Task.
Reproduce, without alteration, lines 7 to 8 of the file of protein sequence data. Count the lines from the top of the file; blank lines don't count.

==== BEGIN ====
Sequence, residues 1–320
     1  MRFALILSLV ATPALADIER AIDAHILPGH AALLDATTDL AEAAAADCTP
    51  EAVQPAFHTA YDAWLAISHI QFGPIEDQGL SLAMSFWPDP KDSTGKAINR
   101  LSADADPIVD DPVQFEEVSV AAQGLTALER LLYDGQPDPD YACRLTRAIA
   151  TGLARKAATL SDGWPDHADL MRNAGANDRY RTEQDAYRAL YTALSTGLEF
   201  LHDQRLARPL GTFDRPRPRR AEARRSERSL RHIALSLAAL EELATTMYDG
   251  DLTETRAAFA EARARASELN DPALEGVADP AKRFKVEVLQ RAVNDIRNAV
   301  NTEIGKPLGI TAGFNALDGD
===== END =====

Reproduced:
   251  DLTETRAAFA EARARASELN DPALEGVADP AKRFKVEVLQ RAVNDIRNAV
   301  NTEIGKPLGI TAGFNALDGD